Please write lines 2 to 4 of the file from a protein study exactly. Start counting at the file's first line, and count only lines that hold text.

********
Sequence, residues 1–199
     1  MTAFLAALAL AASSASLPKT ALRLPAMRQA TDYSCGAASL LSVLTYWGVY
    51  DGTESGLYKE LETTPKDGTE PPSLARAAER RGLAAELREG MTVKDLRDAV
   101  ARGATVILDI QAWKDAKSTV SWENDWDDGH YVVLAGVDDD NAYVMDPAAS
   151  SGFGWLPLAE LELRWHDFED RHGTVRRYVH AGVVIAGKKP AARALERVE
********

     1  MTAFLAALAL AASSASLPKT ALRLPAMRQA TDYSCGAASL LSVLTYWGVY
    51  DGTESGLYKE LETTPKDGTE PPSLARAAER RGLAAELREG MTVKDLRDAV
   101  ARGATVILDI QAWKDAKSTV SWENDWDDGH YVVLAGVDDD NAYVMDPAAS